At chemical synapses, voltage-activated calcium channels (VACCs) mediate Ca2+ influx to trigger action potential-evoked neurotransmitter release. However, the mechanisms by which Ca2+ regulates spontaneous transmission have not been fully determined. We have shown that VACCs are a major trigger of spontaneous release at neocortical inhibitory synapses but not at excitatory synapses, suggesting fundamental differences in spontaneous neurotransmission at GABAergic and glutamatergic synapses. Recently, VACC blockers were reported to reduce spontaneous release of glutamate and it was proposed that there was conservation of underlying mechanisms of neurotransmission at excitatory and inhibitory synapses. Furthermore, it was hypothesized that the different effects on excitatory and inhibitory synapses may have resulted from off-target actions of Cd2+, a nonselective VACC blocker, or other variations in experimental conditions. Here we report that in mouse neocortical neurons, selective and nonselective VACC blockers inhibit spontaneous release at inhibitory but not at excitatory terminals, and that this pattern is observed in culture and slice preparations as well as in synapses from acute slices of the auditory brainstem. The voltage dependence of Cd2+ block of VACCs accounts for the apparent lower potency of Cd2+ on spontaneous release of GABA than on VACC current amplitudes. Our findings indicate fundamental differences in the regulation of spontaneous release at inhibitory and excitatory synapses by stochastic VACC activity that extend beyond the cortex to the brainstem.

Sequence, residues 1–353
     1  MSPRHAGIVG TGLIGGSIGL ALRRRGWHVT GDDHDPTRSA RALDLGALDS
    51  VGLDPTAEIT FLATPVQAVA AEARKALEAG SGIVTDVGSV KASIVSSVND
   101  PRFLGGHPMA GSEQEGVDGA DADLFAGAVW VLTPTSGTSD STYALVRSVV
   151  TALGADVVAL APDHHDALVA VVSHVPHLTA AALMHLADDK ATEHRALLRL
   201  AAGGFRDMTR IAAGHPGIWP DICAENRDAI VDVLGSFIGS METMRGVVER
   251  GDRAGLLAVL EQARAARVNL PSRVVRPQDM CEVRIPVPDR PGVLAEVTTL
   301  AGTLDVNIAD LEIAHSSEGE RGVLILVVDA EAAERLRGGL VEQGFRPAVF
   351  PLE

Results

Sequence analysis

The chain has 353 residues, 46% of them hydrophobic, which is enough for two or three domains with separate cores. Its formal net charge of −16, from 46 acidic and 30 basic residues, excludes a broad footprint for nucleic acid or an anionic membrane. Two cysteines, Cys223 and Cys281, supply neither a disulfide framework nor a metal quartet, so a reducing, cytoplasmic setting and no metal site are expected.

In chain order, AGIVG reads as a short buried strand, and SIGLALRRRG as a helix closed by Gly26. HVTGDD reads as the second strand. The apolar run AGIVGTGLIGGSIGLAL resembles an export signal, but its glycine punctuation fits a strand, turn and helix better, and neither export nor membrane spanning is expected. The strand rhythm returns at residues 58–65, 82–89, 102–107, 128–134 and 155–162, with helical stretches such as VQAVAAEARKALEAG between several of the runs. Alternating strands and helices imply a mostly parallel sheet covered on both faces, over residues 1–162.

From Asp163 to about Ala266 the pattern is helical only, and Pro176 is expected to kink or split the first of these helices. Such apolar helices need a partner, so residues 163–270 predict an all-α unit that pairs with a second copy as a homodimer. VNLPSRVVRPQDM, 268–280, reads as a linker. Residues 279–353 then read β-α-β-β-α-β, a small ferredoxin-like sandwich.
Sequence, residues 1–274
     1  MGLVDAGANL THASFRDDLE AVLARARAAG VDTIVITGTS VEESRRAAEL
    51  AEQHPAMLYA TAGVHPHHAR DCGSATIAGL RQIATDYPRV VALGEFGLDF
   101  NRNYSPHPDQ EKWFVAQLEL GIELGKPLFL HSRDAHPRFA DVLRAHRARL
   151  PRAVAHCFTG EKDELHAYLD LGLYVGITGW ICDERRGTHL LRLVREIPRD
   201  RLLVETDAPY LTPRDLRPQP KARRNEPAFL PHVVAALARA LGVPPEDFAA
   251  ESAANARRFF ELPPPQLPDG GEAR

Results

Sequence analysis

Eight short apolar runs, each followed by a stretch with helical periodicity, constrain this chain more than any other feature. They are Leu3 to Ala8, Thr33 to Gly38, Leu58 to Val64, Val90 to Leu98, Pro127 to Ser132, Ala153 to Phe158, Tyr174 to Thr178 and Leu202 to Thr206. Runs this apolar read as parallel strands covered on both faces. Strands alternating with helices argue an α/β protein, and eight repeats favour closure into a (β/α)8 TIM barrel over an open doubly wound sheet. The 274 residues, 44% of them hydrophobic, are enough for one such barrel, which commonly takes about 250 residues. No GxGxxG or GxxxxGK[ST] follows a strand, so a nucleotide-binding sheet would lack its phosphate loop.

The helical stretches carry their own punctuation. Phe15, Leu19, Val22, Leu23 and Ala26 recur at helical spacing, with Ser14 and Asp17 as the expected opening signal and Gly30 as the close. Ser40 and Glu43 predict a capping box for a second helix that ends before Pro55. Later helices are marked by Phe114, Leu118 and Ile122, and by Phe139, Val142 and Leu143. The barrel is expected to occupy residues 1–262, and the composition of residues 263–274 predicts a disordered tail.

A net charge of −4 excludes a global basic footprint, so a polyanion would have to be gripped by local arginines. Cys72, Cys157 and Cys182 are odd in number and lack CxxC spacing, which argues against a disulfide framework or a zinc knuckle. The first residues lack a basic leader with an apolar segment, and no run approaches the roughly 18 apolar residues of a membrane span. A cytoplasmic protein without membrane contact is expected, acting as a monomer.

SIGNIFICANCE STATEMENT Presynaptic Ca2+ entry via voltage-activated calcium channels (VACCs) is the major trigger of action potential-evoked synaptic release. However, the role of VACCs in the regulation of spontaneous neurotransmitter release (in the absence of a synchronizing action potential) remains controversial. We show that spontaneous release is affected differently by VACCs at excitatory and inhibitory synapses. At inhibitory synapses, stochastic openings of VACCs trigger the majority of spontaneous release, whereas they do not affect spontaneous release at excitatory synapses. We find this pattern to be wide ranging, holding for large and small synapses in the neocortex and brainstem. These findings indicate fundamental differences of the Ca2+ dependence of spontaneous release at excitatory and inhibitory synapses and heterogeneity of the mechanisms of release across the CNS.